Sign up now
to enroll in courses, follow best educators, interact with the community and track your progress.
Atoms and Molecules Part 1: Laws of Chemical Combination
153 plays

Chapter 3: Atoms and molecules basics The first idea of divisibility of matter Laws of chemical combination Daltons atomic theory

Arushi Kulshreshth
Always believe in magic.❤ Nature, English and travel lover. A debate champion

Unacademy user
  1. Atoms and molecules

  2. The first idea of divisibility of matter The an Indian philosopher Maharishi Kanad, postulated that if we go on dividing matter (padarth) we shall get smaller and smaller particles. Ultimately, a time will come when we shall come across the smallest particles beyond which further division will not be possible. Democritus called these indivisible particles atoms (meaning indivisible) All this was based on philosophical considerations and not much experimental work to validate these ideas could be done till the eighteenth century.

  3. LAW OF CONSERVATION OF MASS Is there a change in mass when a chemical change (chemical reaction) takes place? Law of conservation of mass states that mass can neither be created nor destroyed in a chemical reaction. EXPLANATION: The total mass of the product is same as the total mass of the reactants during a chemical reaction. For the chemical reaction: A+B C+D If x and y are masses of reactants A and B respectively and n and m are masses of products C and D respectively then according to this law total mass of the reactant- total mass of products. x+y=n+m

  4. EXAMPLE: When carbon burns in air, carbon dioxide is formed. C+ O2 CO2 Molecular mass of C= 12gm Molecular mass of O2 32 gm Molecular mass CO2-12+ 2(16)= 44 gm Total mass of reactants 12+ 32 44 gm Total mass of products= 44 gm Total mass of reactants- total mass of products There is no loss in the mass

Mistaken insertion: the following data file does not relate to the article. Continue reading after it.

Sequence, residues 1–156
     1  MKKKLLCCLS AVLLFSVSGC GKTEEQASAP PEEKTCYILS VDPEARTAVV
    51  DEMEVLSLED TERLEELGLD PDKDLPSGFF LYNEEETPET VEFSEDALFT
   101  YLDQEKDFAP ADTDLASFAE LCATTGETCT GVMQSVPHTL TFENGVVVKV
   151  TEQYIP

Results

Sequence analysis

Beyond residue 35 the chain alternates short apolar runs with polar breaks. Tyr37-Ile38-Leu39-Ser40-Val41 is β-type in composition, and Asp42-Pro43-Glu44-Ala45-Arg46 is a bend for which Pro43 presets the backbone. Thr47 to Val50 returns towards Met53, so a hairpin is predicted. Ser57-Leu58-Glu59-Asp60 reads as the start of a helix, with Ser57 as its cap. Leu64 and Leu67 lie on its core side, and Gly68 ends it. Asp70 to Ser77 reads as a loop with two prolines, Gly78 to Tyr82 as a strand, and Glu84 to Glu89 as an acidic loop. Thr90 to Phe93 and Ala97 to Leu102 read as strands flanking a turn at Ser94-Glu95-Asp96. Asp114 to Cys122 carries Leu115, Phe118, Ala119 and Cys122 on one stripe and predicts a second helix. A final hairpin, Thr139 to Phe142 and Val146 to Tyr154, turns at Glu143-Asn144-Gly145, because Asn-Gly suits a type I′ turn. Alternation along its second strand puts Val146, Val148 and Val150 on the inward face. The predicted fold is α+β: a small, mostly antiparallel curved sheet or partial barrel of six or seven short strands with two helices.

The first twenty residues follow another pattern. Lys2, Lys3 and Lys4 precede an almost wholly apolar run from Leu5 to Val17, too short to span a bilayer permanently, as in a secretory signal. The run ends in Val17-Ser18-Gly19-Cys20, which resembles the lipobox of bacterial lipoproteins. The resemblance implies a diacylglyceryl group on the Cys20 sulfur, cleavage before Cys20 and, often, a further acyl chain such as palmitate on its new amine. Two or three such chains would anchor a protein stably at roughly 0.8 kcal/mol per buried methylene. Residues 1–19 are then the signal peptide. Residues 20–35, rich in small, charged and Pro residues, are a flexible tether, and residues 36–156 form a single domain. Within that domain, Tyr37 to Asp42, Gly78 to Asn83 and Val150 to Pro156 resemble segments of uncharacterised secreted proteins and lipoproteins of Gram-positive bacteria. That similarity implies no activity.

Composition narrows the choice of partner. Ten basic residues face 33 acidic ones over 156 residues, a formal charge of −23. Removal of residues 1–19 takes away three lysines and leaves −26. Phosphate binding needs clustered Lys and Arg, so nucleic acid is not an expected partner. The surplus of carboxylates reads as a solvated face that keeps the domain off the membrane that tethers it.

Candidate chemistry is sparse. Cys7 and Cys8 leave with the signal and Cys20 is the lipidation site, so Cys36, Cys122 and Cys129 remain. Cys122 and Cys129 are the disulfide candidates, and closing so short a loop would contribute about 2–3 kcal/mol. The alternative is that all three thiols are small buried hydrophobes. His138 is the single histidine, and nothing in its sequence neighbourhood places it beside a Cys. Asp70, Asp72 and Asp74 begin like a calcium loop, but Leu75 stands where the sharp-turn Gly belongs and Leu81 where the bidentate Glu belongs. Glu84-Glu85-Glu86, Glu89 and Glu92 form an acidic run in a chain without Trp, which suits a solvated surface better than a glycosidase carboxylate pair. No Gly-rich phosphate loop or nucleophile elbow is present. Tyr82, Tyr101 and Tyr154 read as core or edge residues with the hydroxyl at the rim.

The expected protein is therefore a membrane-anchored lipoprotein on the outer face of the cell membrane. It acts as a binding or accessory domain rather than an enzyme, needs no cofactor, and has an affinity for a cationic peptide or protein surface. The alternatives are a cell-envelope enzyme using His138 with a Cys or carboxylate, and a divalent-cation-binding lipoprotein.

5. LAW OF CONSTANT PROPORTION This law was stated by Proust as "In a chemical substance the elements are always present in definite proportions by mass". EXPLANATION: Composition of a chemical compound is always constant irrespective of the source from which the compound is obtained. Example: H2 O is always found to contain two elements hydrogen and oxygen ratio in which hydrogen and oxygen are present is also found to be be fixed 1: 8 by mass.

  6. DALTON'S ATOMIC THEORY British chemist John Dalton provided the basic theory about the nature of matter. Dalton picked up the idea of divisibility of matter, which was till then just a philosophy. He took the name 'atoms' as given by the Greeks and said that the smallest particles of matter are atoms. His theory was based on the laws of chemical combination. Dalton's atomic theory provided an explanation for the law of conservation of mass and the law of definite proportions.

  7. DALTON'S ATOMIC THEORY POSTULATES The postulates of this theory may be stated as follows: (i) All matter is made of very tiny particles called atoms. (ii) Atoms are indivisible particles, which cannot be created or destroyed in a chemical reaction. (ii) Atoms of a given element are identical in mass and chemical properties. (iv) Atoms of different elements have different masses and chemical properties. (v) Atoms combine in the ratio of small whole numbers to form compounds. (vi) The relative number and kinds of atoms are constant in a given compound.

  8. Merit's of Dalton's atomic theory: Explanation of the law of conservation of mass Dalton's atomic theory explains matter can neither be created nor be destroyed. When a chemical reaction occurs only rearrangement of atoms tales place. Since no of atoms remains the same, their mass remains unchanged too. .Explanation ofthe law of definite proportion According to Dalton's theory the no and kind of atoms in a given compound is fixed. Now since in a compound the number and kind of atoms is fixed therefore a compound will always have the same kind of atoms in same numbers.

  9. Drawbacks of Dalton's atomic theory of matter -The indivisibility of an atom was proved wrong: an atom can be further subdivided into protons, neutrons and electrons. According to Dalton, the atoms of same element are similar in all respects. However, atoms of some elements vary in their masses and densities. These atoms of different masses are called isotopes. For example, chlorine has two isotopes with mass numbers 35 and 37. Dalton also claimed that atoms of different elements are different in all respects. This has been proven wrong in certain cases: argon and calcium atoms each have an atomic mass of 40 amu. These atoms are known as isobars.

  10. According to Dalton, atoms of different elements combine in simple whole number ratios to form compounds. This is not observed in complex organic compounds like sugar (C12H22011). -The theory fails to explain the existence of allotropes; it does not account for differences in properties of charcoal, graphite, diamond.